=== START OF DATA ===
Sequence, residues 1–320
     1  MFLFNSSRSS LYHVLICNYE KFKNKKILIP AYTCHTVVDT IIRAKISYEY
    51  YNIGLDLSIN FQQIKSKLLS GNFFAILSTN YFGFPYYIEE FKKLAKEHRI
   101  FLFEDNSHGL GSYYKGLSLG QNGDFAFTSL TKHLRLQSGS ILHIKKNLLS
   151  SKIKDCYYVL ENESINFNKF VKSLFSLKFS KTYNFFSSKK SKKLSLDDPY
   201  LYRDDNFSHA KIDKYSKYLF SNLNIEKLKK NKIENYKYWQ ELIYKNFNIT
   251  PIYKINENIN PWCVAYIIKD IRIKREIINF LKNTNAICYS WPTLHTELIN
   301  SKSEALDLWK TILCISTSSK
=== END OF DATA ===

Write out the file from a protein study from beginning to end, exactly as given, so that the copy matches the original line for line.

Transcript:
Sequence, residues 1–320
     1  MFLFNSSRSS LYHVLICNYE KFKNKKILIP AYTCHTVVDT IIRAKISYEY
    51  YNIGLDLSIN FQQIKSKLLS GNFFAILSTN YFGFPYYIEE FKKLAKEHRI
   101  FLFEDNSHGL GSYYKGLSLG QNGDFAFTSL TKHLRLQSGS ILHIKKNLLS
   151  SKIKDCYYVL ENESINFNKF VKSLFSLKFS KTYNFFSSKK SKKLSLDDPY
   201  LYRDDNFSHA KIDKYSKYLF SNLNIEKLKK NKIENYKYWQ ELIYKNFNIT
   251  PIYKINENIN PWCVAYIIKD IRIKREIINF LKNTNAICYS WPTLHTELIN
   301  SKSEALDLWK TILCISTSSK